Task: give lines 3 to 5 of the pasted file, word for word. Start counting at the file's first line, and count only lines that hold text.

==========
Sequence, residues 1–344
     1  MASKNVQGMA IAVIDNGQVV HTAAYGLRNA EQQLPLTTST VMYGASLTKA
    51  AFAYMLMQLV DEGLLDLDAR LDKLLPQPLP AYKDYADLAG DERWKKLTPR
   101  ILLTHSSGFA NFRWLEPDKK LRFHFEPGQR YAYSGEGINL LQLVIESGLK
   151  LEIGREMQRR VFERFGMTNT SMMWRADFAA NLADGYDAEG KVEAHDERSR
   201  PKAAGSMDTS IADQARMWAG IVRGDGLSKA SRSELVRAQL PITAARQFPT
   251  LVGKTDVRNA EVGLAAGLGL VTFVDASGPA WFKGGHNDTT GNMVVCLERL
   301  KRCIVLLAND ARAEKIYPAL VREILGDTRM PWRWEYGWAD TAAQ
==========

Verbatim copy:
    51  AFAYMLMQLV DEGLLDLDAR LDKLLPQPLP AYKDYADLAG DERWKKLTPR
   101  ILLTHSSGFA NFRWLEPDKK LRFHFEPGQR YAYSGEGINL LQLVIESGLK
   151  LEIGREMQRR VFERFGMTNT SMMWRADFAA NLADGYDAEG KVEAHDERSR